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19 DEC 2013 by ideonexus

 If a Scientist Wrote the Book of Genesis

In the beginning was the singularity, and the singularity was infinitely dense and infinitely hot, And the singularity expanded and the singularity cooled and there was chaos, And of the primeval atom was born the Universe. And the Universe was matter and antimatter, and baryogenesis was violated and matter annihilated antimatter until only matter remained, And matter resolved into hydrogen, and after hydrogen came helium and deuterium and all elements, And with elements came mass and with ma...
Folksonomies: culture religion science
Folksonomies: culture religion science
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Opening chapter of genesis written in science.

16 JUL 2013 by ideonexus

 O'Neill Cylinders

The O’Neill cylinder is named after an American physicist and space scientist who sought to engage his students by getting them to think about big problems—space settlement, in particular. He also led symposiums where the concepts behind large, permanent space habitats—including the cylinder that bears his name—were hashed out. The basic principle is fairly simple. Construct a cylinder at least half a kilometer in diameter so that it can be rotated at low speed and provide 1 g of art...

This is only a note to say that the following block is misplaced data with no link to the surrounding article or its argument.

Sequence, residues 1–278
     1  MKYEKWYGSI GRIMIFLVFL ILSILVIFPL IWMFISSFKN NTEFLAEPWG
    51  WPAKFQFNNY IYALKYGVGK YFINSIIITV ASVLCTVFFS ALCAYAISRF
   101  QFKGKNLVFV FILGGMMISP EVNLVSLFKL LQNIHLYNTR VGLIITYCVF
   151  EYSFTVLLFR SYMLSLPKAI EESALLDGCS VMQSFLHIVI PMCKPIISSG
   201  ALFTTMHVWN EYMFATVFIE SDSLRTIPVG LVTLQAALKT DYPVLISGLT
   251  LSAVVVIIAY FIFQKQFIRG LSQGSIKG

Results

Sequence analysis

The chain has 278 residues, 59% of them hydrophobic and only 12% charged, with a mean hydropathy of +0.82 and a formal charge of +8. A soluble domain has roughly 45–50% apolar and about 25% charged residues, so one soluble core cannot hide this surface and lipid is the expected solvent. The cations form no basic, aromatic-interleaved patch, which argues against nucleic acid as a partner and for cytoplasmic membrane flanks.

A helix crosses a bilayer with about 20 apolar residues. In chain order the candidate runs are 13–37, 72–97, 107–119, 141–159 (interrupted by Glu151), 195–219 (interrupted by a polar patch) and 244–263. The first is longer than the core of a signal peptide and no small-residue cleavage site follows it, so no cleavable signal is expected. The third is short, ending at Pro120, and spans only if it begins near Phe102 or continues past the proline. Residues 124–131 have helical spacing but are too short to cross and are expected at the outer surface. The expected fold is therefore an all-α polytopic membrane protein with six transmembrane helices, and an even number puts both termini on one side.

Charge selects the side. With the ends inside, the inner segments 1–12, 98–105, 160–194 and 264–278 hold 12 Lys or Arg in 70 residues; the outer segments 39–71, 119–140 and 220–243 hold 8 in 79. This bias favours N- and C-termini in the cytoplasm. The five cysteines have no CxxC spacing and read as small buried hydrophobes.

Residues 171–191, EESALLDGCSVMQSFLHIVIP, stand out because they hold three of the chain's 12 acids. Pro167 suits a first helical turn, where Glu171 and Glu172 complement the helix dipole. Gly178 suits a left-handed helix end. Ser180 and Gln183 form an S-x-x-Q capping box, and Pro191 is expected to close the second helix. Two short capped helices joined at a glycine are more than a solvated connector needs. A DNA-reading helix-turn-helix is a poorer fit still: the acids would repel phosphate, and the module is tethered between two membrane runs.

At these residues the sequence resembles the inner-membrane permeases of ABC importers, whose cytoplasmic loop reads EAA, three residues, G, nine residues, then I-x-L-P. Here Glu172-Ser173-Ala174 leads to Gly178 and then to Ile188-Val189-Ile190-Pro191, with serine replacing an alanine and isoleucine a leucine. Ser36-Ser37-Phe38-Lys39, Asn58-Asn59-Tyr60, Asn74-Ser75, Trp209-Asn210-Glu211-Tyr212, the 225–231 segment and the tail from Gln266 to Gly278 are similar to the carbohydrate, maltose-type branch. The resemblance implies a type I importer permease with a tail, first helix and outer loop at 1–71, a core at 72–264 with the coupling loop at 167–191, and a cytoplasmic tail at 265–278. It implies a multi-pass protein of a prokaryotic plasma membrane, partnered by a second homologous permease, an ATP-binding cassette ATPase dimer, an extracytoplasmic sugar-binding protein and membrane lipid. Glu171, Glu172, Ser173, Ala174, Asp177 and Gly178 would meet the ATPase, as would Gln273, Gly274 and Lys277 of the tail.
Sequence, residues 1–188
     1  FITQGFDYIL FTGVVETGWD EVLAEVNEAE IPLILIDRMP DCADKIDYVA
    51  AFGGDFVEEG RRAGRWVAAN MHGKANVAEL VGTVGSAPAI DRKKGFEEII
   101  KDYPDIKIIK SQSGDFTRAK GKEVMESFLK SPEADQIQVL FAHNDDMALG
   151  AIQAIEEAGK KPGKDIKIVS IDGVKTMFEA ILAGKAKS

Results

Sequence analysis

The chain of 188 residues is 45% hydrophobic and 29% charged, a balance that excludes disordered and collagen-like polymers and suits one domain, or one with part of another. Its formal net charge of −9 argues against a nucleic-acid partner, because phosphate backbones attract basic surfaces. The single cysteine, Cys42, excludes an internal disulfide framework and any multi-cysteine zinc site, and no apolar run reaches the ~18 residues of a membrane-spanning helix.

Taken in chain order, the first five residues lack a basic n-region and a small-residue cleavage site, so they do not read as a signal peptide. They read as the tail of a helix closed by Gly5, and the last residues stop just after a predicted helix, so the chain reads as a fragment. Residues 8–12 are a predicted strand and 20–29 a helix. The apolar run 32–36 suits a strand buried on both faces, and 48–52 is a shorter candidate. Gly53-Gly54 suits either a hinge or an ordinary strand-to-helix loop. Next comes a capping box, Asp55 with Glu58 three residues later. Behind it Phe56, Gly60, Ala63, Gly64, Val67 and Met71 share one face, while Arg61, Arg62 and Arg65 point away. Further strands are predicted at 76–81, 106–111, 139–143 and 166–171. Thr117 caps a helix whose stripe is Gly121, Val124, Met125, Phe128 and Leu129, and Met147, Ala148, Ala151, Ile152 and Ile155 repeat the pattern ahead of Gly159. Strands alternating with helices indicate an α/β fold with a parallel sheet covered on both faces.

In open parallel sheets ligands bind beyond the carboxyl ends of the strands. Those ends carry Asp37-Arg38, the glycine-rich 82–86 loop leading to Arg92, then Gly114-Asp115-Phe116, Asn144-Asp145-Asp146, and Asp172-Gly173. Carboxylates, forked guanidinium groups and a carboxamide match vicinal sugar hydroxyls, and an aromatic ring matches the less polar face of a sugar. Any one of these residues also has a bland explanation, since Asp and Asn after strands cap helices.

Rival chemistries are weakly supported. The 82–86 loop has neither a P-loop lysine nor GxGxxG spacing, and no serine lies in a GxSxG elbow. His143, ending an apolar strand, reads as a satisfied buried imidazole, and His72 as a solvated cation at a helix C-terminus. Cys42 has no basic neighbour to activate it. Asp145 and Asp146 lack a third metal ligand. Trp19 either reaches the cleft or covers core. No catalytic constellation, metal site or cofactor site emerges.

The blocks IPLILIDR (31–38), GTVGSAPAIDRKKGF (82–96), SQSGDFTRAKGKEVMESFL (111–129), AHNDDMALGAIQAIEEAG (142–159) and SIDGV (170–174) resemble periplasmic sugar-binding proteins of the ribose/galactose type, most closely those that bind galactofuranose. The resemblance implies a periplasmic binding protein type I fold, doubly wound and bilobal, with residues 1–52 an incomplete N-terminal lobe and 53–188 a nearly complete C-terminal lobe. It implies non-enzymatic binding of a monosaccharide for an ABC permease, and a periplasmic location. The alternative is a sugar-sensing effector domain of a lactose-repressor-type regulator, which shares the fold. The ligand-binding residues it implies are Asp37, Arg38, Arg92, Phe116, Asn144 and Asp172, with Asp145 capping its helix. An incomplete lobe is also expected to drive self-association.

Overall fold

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Concept for a space station with gravity.

23 JUN 2012 by ideonexus

 Paradox of the Universe

I am afraid all we can do is to accept the paradox and try to accommodate ourselves to it, as we have done to so many paradoxes lately in modern physical theories. We shall have to get accustomed to the idea that the change of the quantity R, commonly called the 'radius of the universe', and the evolutionary changes of stars and stellar systems are two different processes, going on side by side without any apparent connection between them. After all the 'universe' is an hypothesis, like the a...